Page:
Sunday, July 30, 2006

what kind of saddle are you riding?

Playing a little follow the links I've found some hilarious cycling related internettin'. By far the funniest is Dave Zabriskie's podcasts. He doesn't post frequently but when he does the wait is sweet. The last one takes on some beat style prose recalling his experience in the EuroPuerto. Before that was a conversation w/ Tom Boonen on where cyclists go when they die. His voice is dreamy. I like DZ.

From there I clicked on MissingSaddle. They host DZ nutscast as well as a bunch of other pro rider's blogs. What kept me crying though are the video interviews. Skiles Keith reminds me of Stiffler. I'm pretty sure that it's Stiffler, but it may be another movie character I'm thinking of, but I'm pretty sure it's Stiffler. Everybody is pretty cool w/ his questions since most of them know him, but Tom Danielson looks terrified of his interview. My favorite question Skiles seems to ask everyone is, "What kind of saddle are you riding?", which is closely followed by "What kind of rubber you running?" The question comes from left field so it makes it hilarious when he blurts it out. He likes talking about product which kinda throws you off; it's not what you normally hear an interviewer focus on. Unless of course you're Frankie Andreau w/ OLN's Tech Special Reports...

If you haven't checked it out yet, Broadband Racer has some rider video blogs that truly give some insight to a racing lifestyle. The rider intro music is bumpin' too!

With everyone and their mothers doing a blog now (me too) the OG of them all would be Drunk Cyclist. I can't remember when he started, but his archives go back to 2000. And yes, it is still powered by the clean and efficient fuel source of porn. 3 a day baby!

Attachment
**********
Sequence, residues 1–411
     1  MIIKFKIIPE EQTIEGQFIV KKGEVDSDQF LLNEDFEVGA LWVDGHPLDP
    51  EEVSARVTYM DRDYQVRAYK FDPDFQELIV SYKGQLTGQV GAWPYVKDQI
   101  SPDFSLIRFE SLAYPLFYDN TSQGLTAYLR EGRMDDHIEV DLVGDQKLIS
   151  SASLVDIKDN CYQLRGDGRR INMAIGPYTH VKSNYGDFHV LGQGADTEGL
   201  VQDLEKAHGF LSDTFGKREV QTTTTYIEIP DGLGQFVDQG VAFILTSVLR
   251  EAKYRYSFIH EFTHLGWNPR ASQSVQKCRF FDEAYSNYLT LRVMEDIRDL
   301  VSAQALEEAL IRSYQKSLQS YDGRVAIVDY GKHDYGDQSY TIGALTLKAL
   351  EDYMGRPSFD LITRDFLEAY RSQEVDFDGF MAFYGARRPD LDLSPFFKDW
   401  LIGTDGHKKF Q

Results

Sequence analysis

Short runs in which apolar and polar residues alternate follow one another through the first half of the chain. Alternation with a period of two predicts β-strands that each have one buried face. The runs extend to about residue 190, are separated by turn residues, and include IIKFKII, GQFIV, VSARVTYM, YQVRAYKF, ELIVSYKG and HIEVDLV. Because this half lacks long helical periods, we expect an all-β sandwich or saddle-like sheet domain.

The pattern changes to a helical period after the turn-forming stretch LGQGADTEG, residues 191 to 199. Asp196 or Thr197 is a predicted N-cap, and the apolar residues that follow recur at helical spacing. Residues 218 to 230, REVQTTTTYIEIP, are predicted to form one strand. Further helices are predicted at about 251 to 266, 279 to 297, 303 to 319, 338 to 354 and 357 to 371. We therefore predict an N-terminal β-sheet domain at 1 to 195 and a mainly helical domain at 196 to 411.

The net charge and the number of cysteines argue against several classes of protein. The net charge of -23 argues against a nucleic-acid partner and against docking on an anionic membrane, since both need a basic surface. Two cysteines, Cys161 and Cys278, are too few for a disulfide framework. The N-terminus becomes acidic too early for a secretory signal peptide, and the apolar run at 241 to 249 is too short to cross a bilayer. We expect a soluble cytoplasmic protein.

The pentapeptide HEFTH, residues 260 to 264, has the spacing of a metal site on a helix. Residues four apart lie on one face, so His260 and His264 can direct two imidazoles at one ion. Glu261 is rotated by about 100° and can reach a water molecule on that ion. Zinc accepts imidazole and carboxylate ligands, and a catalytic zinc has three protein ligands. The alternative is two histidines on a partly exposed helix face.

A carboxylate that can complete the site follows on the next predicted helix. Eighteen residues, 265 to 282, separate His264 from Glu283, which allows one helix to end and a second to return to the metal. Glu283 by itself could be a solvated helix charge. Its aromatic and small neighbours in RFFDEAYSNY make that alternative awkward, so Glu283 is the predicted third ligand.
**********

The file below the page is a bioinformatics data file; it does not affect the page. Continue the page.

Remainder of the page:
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Saturday, July 29, 2006

it's not you, it's me. i just don't want to get hurt...

I keep attempting to write further on the Landis affair but every time I start to search for words I simply lose interest. I guess I don't want to have too much more invested when we discover that he is in fact a dic... sorry, a doper.

But as w/ every case, there is a grassy knoll! I found a blurb on Cadence Cycling's site regarding the ratio measurement. It's interesting:
Cadence owners Matt Heitmann and Brian Walton were interviewed on
today's edition of the Fox News Morning Show whereupon they revealed
some new information gleaned from investigations conducted on Cadence's
behalf yesterday.

learned through an endocrinologist yesterday that Floyd Landis' T/E
ratio (testosterone:epitestosterone) was abnormally high but only
because his epitestosterone levels were abnormally low.

A low
epitestosterone level can be accounted for (in many cases) by the use
of anti-inflammatories like Celebrex, and certainly by Cortison, and
alcohol. All three of these substances Floyd has admitted to taking
during this year's Tour de France.

In short, the A sample that came back above UCI legal T/E level of 4:1 is, in this case, not due to inflated testosterone,
but due to deflated epitestosterone. The deflated epitestosterone
levels may be accounted for by legal and approved substances which
Floyd has been taking this year.